Scott is right on - DWF is not intended for Office documents just as PDF is not intended for design data. DWFWriter was designed to capture design data from applications that do not export DWF directly, in particular, however, no claim has ever been made that it supports (or ever will) Microsoft Office. One of the reasons for this is the nature of the graphics flow through GDI and the driver framework, in many cases items like those mentioned previously ultimately arrive at the driver as a bitmap. Take the case of the gradient fill. This is easy to do in a W2D stream, however, even though there is a DrvGradientFill() driver hook, no Office application will EVER invoke it, so no simple op-code describing these graphics will ever exist. As a result, the driver might end up with a large bitmap with a masking region or, worse, lots of little gradually colored polygons or rects with masks. There is no state communicated across driver calls, in the latter case, the driver couldn't possibly hope to reassemble these regions as a single shaded polygon, so the DWF ends up with lots of rectangles in the best case or lots of images in the worst. This is one of the main reasons Autodesk discourages use of the DWFWriter for applications that can export DWF natively, those will always produce smaller DWF with the highest possible fidelity. hth, g "Scott Sheppard" wrote in message news:40d9b293$1_1@newsprd01... > I don't think they want to compete against PDF for nonCAD. They want CAD > data to stay in DWF, so they can do intelligent processing on the objects. I > think DWF Composer and DWF Writer are good for situations where you have 99 > DWGs and 1 Word DOC. You can make one DWF with all 100 items. If you have 99 > DOCs and 1 DWG, even Autodesk would probably recommend that you make a PDF > for the Word parts and one small DWF for the DWG. People in the newsgroup > seem to be apologetic when they mention PDF, e.g., "I'm sorry - I have to > use it.", but they shouldn't be. IMHO Autodesk is adamant about CAD data NOT > going to PDF. For other types of data, I don't think they care. > > "Rodney McManamy - CADzation" wrote in message > news:40d97b23_2@newsprd01... > > The DWF format is optimized for AutoCAD drawings. What we have noticed is > > that anything from Word or Excel that uses gradiant fills, Word Art, fancy > > text, or lot's of graphics does not convert well with the DWF Writer and > is > > typically as you said 3 or more times larger. The PDF on the other hand > is > > optimized for Word style documents and small format but doesn't understand > > shx fonts so it's larger on AutoCAD drawings. > > > > The DWF Writer is still fairly new (and was developed mainly to support > > Revit and other non-AutoCAD CAD applications) and I'm sure will get better > > at office documents because it's going to have to if they want it to > really > > compete against the PDF. In the real world it's about more than just > > AutoCAD drawings that need to go to the client. > >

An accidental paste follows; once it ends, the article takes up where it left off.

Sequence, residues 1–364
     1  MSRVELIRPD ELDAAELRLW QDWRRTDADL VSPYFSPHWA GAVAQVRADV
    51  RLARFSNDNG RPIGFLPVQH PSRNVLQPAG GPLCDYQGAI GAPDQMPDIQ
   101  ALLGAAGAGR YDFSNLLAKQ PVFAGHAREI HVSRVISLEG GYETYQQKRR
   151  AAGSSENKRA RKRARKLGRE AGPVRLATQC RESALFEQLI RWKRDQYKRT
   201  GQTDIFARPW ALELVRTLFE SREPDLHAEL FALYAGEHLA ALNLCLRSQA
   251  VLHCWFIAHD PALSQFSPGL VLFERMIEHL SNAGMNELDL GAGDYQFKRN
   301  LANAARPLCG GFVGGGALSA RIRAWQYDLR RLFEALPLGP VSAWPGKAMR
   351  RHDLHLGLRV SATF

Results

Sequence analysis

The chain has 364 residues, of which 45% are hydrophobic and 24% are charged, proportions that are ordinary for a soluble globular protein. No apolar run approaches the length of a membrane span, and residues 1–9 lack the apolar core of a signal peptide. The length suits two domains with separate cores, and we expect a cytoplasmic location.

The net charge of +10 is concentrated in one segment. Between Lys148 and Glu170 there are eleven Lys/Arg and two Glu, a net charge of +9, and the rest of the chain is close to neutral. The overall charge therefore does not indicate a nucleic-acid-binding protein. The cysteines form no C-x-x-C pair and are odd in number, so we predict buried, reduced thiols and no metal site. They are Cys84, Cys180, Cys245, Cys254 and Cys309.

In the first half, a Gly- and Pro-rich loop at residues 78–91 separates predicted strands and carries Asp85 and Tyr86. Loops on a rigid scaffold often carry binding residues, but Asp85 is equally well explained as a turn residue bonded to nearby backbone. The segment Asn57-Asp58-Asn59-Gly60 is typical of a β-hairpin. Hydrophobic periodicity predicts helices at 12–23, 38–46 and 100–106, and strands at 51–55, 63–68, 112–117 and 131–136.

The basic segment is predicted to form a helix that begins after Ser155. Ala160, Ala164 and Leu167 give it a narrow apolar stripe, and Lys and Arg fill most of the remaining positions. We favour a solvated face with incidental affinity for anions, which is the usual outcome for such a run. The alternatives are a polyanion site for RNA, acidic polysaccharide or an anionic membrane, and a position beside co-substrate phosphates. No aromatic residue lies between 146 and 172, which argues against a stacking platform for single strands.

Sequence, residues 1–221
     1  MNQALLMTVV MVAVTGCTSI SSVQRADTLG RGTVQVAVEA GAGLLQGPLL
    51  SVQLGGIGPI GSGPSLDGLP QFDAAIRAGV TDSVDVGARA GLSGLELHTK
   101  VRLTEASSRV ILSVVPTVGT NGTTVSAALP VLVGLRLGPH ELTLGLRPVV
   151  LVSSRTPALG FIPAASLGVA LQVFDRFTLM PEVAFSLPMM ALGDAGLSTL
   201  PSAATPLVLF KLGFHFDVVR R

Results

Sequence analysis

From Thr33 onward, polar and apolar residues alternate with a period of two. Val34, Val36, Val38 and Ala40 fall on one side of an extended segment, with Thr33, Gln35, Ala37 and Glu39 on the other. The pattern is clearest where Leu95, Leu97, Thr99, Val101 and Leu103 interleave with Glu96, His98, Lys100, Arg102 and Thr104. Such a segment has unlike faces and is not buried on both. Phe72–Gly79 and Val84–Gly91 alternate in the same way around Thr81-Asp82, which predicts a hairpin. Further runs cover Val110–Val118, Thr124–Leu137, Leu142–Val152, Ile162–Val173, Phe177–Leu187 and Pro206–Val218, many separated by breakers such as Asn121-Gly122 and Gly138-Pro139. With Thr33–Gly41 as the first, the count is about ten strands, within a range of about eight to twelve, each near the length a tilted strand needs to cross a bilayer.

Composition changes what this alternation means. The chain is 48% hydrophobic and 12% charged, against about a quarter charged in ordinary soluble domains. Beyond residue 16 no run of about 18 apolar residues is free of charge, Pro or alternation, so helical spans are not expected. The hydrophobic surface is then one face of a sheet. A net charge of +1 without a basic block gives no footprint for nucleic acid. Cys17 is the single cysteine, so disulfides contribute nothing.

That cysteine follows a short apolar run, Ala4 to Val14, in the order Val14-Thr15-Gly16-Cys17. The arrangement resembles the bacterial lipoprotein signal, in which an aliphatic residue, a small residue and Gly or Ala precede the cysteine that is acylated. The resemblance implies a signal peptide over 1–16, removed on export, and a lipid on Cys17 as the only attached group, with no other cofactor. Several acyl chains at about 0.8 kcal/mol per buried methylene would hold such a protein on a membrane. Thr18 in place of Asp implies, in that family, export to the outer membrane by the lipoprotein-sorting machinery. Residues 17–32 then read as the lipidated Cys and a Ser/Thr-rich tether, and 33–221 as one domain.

*Rodney McManamy - CADzation
Message 6 of 17 (109 Views)

Re: Word Docs

06-24-2004 06:40 AM in reply to: *David Metcalf